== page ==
PDP's and CRT's "less clear" picture actually blends in with the medium of film better than the ultra-sharp LCD's do. This is why many film fans prefer the look of plasma to the look of LCD. If you watch a movie on both PDP and on LCD at the same time from the same source (say a BD). Lets say it was an older film with a lot of film grain (which is natural to the medium of film and not an "artifact") you will notice the grain more in the LCD, because of its clarity. It will "blend" into the background better on the PDP which will make the film look more natural, like how its supposed to look in the theater. I've done such side-by-side viewing tests in various environments and in almost every case, the LCD showed more film grain than the equivalent PDP.

Its not wrong to like the look of LCD over that of PDP or CRT, though there are many here who would try to convince you otherwise. It just means you aren't an old-skool HT fan, you are part of the new generation who is more open to digital technologies that embrace a newer way of filming content in a way that is different from the legacy to which the film industry adheres. As more and more film makers embrace digital, and the old 24fps standard of shooting film goes the way of the dodo, LCD will become more viable as the technology of choice for serious HD enthusiasts as it will be in line with the technology just as much if not moreso than PDP and the legacy CRT technologies. At least until the next "big thing" breaks into the scene. Well, that is if LCD manufacturers can solve the black level issue and motion blur issue (as far as I'm concerned, they've already solved the viewing angle issues).

An excellent post with very clear and understandable explanations.
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post #7 of 135 Old 12-27-2010, 05:32 AM
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Quote:
Originally Posted by ruadmaa View Post

An excellent post with very clear and understandable explanations.

some of it itsnt quite accurate and is slanted with plasma bias although I dont believe the poster thinks it is or realises that he/she might be. In other words it wasnt dont intentionally.
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post #8 of 135 Old 12-27-2010, 07:43 AM
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Quote:
Originally Posted by serialmike View Post

All sammy and sony ccfl and local diming 2010 sets now have better black level than the 2010 plasma sets. The edge lits are a different story.

Samsung's Plasma sets 58inches and over still hold an advantage to LCD when it comes to blacks. They measure .006 to .008 on average with some minor variance from one unit to the next. Most LCDs still can't do that in actual content. (without any dimming the entire image) and the few backlit sets still have enough blooming to eliminate their advantage. Then again, once the lights are on, any LCD will look black while the plasma will look grey...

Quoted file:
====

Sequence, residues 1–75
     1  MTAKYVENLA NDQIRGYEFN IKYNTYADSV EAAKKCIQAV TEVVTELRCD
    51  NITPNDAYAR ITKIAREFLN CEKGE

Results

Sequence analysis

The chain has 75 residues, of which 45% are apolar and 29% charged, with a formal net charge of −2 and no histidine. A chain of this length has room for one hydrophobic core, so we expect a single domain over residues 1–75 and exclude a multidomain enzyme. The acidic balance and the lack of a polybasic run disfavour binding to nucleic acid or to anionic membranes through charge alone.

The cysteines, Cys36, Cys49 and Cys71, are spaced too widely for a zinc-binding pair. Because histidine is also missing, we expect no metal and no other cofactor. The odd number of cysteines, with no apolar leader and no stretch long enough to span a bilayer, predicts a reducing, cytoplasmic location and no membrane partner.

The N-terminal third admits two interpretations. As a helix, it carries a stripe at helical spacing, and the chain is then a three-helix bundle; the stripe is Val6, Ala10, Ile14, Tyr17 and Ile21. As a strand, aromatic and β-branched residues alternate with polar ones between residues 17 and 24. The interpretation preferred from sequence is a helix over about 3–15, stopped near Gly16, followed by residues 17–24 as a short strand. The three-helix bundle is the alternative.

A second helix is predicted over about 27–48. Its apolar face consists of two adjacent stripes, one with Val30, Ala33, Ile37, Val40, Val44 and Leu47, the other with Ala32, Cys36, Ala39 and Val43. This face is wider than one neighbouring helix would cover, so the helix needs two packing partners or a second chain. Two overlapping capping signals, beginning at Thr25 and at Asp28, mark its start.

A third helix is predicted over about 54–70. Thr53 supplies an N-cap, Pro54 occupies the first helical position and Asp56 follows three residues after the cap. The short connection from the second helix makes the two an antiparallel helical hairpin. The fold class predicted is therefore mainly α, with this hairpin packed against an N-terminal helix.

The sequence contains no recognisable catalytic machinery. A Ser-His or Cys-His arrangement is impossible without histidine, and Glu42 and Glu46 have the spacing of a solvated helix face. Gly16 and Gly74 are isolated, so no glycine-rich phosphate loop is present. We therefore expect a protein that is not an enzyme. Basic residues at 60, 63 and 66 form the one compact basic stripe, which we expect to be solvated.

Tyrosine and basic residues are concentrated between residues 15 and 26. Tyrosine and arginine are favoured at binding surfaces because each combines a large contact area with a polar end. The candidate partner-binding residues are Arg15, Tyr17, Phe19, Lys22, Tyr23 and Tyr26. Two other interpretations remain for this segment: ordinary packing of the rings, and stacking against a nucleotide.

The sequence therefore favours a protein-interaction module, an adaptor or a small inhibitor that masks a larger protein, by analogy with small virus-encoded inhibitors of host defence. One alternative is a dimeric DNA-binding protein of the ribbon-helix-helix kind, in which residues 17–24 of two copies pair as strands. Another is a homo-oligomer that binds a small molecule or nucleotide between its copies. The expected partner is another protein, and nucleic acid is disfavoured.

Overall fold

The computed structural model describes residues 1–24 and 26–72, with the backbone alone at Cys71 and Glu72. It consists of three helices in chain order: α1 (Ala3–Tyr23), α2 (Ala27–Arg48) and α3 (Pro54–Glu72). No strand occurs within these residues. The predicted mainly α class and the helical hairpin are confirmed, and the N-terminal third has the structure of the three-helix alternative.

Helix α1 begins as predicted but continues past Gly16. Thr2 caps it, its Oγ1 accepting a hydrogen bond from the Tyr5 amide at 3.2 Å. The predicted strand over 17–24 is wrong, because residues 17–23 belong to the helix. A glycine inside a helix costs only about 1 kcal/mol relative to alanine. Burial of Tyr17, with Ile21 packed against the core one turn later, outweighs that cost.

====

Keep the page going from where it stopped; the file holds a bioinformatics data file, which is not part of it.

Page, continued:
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post #9 of 135 Old 12-27-2010, 08:05 AM
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Quote:
Originally Posted by serialmike View Post

some of it itsnt quite accurate and is slanted with plasma bias although I dont believe the poster thinks it is or realises that he/she might be. In other words it wasnt dont intentionally.

Which part isn't accurate? Don't want to give out patently false info.

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post #10 of 135 Old 12-27-2010, 08:32 AM
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Quote:
Originally Posted by NuSoardGraphite View Post

Which part isn't accurate? Don't want to give out patently false info.

PDP's and CRT's "less clear" picture actually blends in with the medium of film better than the ultra-sharp LCD's do. This is why many film fans prefer the look of plasma to the look of LCD. If you watch a movie on both PDP and on LCD at the same time from the same source (say a BD). Lets say it was an older film with a lot of film grain (which is natural to the medium of film and not an "artifact") you will notice the grain more in the LCD, because of its clarity. It will "blend" into the background better on the PDP which will make the film look more natural, like how its supposed to look in the theater. I've done such side-by-side viewing tests in various environments and in almost every case, the LCD showed more film grain than the equivalent PDP.